What are you hoping your readers think or feel when they take part in this adventure?
That they feel part of this world, part of a caring community… A community that cares, not only for each other, but also for the world around them. We are all one. What we do to others, we do to ourselves.
Every day, libraries around the world welcome people from all walks of life. Readers are diverse, so why not have a collection that celebrates that?
You may remember in September, we introduced our new Kirkus Diversity Collections on the blog. These collections give libraries the opportunity to become more inclusive, and with Title Source 360, librarians are able to order diverse books with ease thanks to our curated lists.
Since then, we’ve seen tremendous progress with this initiative. The lists have been viewed nearly 10,000 times, reaching thousands of libraries across the country.
More than ever, it’s important to share a diversity of cultures, beliefs, identities, races and beyond in a library’s collection. It’s important that patrons can read stories from all voices.
Public libraries support their communities by providing materials that reflect their own patrons, and depict others, requiring an ongoing focus on diversity.
Aman Kochar, Executive Vice President of Digital Content, Software Products, Services & Sales
So what now?
Log in to Title Source 360 and browse Kirkus’ diversity collections. From here, you’ll be able to move the titles you’d like to add to your library into your shopping cart. You can also sort and filter these titles to weed out any duplicates just as you would for any other order from Baker & Taylor.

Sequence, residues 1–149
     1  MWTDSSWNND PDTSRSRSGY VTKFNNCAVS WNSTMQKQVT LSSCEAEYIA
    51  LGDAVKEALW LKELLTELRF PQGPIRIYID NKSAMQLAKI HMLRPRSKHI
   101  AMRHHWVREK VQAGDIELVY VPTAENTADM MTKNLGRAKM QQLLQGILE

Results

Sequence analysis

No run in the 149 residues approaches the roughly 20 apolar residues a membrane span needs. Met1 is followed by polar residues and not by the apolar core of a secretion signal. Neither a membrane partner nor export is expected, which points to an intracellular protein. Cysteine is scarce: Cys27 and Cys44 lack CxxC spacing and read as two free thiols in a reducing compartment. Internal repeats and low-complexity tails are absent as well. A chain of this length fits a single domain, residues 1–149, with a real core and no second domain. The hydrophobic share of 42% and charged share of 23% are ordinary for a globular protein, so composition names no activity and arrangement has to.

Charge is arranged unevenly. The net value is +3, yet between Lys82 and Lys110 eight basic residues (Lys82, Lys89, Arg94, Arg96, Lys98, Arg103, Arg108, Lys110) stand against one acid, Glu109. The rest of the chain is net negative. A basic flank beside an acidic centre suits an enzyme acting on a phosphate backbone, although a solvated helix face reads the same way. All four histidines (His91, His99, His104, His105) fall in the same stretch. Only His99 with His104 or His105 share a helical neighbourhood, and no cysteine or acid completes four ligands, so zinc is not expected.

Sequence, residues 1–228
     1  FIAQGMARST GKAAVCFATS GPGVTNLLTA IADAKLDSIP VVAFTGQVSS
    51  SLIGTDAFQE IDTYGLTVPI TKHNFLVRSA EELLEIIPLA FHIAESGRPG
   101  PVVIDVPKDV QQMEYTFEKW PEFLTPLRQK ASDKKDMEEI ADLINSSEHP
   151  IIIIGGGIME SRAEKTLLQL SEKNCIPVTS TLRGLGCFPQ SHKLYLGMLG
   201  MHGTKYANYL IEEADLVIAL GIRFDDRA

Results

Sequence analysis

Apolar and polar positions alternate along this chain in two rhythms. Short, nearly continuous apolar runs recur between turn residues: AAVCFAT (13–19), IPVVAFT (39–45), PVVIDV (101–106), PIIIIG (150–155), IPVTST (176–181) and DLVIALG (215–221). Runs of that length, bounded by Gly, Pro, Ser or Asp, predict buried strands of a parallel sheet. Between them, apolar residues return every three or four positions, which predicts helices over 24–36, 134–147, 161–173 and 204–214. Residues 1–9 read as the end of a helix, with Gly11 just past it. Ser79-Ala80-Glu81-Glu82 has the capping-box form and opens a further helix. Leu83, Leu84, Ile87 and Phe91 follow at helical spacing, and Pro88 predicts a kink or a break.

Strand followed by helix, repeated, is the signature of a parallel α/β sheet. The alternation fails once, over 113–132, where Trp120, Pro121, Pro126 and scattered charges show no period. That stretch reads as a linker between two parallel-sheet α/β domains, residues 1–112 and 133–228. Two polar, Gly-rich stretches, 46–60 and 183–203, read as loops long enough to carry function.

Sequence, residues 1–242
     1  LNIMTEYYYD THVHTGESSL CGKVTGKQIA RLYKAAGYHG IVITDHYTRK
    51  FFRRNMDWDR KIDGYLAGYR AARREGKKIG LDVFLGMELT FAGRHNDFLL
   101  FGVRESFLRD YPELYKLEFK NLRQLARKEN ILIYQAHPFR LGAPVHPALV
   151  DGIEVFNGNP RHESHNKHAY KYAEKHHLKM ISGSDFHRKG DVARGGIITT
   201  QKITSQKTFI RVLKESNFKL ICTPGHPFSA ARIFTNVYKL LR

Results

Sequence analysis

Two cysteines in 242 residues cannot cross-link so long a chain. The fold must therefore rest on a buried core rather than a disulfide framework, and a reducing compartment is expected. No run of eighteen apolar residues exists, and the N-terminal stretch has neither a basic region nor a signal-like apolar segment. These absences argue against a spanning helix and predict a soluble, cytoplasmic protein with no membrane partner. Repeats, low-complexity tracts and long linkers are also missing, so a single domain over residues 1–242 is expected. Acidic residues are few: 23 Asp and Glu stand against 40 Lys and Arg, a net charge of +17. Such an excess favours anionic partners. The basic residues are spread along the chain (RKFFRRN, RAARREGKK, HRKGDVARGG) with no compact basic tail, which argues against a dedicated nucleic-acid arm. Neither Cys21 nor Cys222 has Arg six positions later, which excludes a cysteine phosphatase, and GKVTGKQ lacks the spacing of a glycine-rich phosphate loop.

Then, don’t forget to tell your patrons that your library is now carrying more diverse books! We’ve created a “My Library. All Voices.” campaign kit that makes it easy to spread the good news, attract new cardholders and excite current ones. You can find all of our free materials for community outreach on the Kirkus website here.
Women’s History Month is dedicated to celebrating fearless leaders and pioneers like them, and all women around the world. But honestly, a month isn’t enough. A library really isn’t complete without the latest works by and about influential women. Use this list as a starting point to ensure you share the entire HERstory, and check out our latest digital catalog for more.
Her Own Hero
At the turn of the twentieth century, women famously organized to demand greater social and political freedoms like gaining the right to vote. However, few realize that the Progressive Era also witnessed the birth of the women’s self-defense movement.
Strong Is the New Pretty: A Celebration of Girls Being Themselves
Girls being fearless. Girls being silly. Girls being wild, stubborn, and proud. Girls whose faces are smeared with dirt and lit up with joy. So simple and yet so powerful, Strong Is the New Pretty celebrates, through more than 175 memorable photographs, the strength and spirit of girls being 100% themselves.
Diversifying Diplomacy: My Journey from Roxbury to Dakar
Harriet Lee Elam-Thomas
Today, diverse women of all hues represent this country overseas. Some have called this development the “Hillary Effect.” But well before our most recent female secretary of state there was Madeleine Albright, the first woman to serve in that capacity, and later Condoleezza Rice. Beginning at a more junior post in the Department of State in 1971, there was “the little Elam girl” from Boston.
Diversifying Diplomacy tells the story of Harriet Lee Elam-Thomas, a young black woman who beat the odds and challenged the status quo. Inspired by the strong women in her life, she followed in the footsteps of the few women who had gone before her in her effort to make the Foreign Service reflect the diverse faces of the United States.
Finding Feminism: Millennial Activists and the Unfinished Gender Revolution
Alison Dahl Crossley